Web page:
As described above, solving of Equation 12 on the assumption that the aspect ratio α is 1 leads to Equation 13. That is, the camera matrix calculator **124** uses the vanishing point (vx,vy) of two orthogonal sides to restrict the x and y coordinates (ox,oy) of the principal point to be on the straight line.

*l* _{1} *×ox+l* _{2} *×oy+l* _{3}=0,

*l* _{1}=−2×*c* _{1} *×c* _{2}×(*a* _{2} *×c* _{2} *−a* _{1} *×c* _{1})−(*c* _{1} ^{2} *−c* _{2} ^{2})×(*a* _{2} *×c* _{1} *+a* _{1} *×c* _{2}),

*l* _{2}=−2×*c* _{1} *×c* _{2}×(*b* _{2} *×c* _{2} *−b* _{1} *×c* _{1})−(*c* _{1} ^{2} *−c* _{2} ^{2})×(*b* _{2} *×c* _{1} *+b* _{1} *×c* _{2}),

*l* _{3} *=c* _{1} *×c* _{2}×{(*b* _{1} ^{2} *−b* _{2} ^{2})+(*a* _{1} ^{2} *−a* _{2} ^{2})}+(*c* _{1} ^{2} *−c* _{2} ^{2})×(*a* _{1} *×a* _{2} *+b* _{1} *×b* _{2})

From among the points on the line provided by Equation 13, the point that minimizes E(ox,oy) of Equation 14 is selected as a camera principal point.

In Equation 14, p_{i }represents the i-th measured image point, which is the image projection of i-th grid point of calibration board shown in _{i}′(ox,oy) denotes a point obtained by re-projecting the i-th grid point of the calibration board from the camera calibration result performed with respective candidates (ox,oy) for the principal point, where all the candidates exist on the line of Equation 13.

Note that as expressed in Equation 14, the points within a predetermined distance r from the center of the image are only considered in the process of minimizing the energy function E(ox,oy), which is based on the fact that the principal point of the camera is located near the center of the image.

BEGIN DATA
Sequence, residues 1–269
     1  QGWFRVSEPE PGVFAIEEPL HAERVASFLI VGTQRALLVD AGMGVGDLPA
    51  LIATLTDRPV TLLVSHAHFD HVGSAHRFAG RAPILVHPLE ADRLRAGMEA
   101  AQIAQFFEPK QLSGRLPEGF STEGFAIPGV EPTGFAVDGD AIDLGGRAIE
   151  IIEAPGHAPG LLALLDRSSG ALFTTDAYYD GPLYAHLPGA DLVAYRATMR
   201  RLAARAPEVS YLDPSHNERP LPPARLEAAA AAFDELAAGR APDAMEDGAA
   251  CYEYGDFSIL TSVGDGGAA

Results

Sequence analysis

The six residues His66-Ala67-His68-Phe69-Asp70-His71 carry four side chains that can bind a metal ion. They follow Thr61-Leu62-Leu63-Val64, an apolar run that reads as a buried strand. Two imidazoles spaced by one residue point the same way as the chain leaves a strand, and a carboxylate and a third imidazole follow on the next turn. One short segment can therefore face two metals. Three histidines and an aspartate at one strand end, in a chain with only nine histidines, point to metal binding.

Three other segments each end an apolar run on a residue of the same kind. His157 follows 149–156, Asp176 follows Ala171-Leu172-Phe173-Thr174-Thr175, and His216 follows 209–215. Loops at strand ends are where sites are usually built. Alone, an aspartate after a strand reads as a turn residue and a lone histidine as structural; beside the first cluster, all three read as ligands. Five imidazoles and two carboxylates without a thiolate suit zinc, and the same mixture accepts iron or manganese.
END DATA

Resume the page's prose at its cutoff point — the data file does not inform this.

A non-linear least square problem in connection with the minimization of the energy function may be solved by applying the Levenberg-Marquardt method. In minimizing the non-linear function (Equation 14), the initialization for the location of the principal point is set to be a point having a minimum distance to the center of the image among the points on the straight line of Equation 13.

As described, the camera matrix calculator **124** uses the principal point (ox,oy) determined from Equation 14 together with Equation 3 to calculate the camera matrix K.

Next, the rotation and translation calculator **250** uses a camera rotation matrix R and a camera translation vector t using Equation 15:

where ∥x∥ represents a norm of x, {circle around (×)} indicates a cross product, r_{1}, r_{2}, and r_{3 }respectively show the first through third columns of the camera rotation matrix R, and t represents the camera translation vector. In this case, the camera rotation matrix R is a 3×3 matrix.

By using the camera rotation matrix R and the camera translation vector t, the modeling unit **130** models the captured image into a 3D image. As shown in **130** comprises a primitive database **131**, a triangulation unit **132**, and a texture mapper **133**.

The primitive database **131** stores geometric structures of 3D primitive objects including a circle, a cylinder, a sphere, and a triangular pyramid (which are basic models) as data files in the (X,Y,Z) coordinate format. The user may call a primitive object from the primitive database **131** and form a desired structure.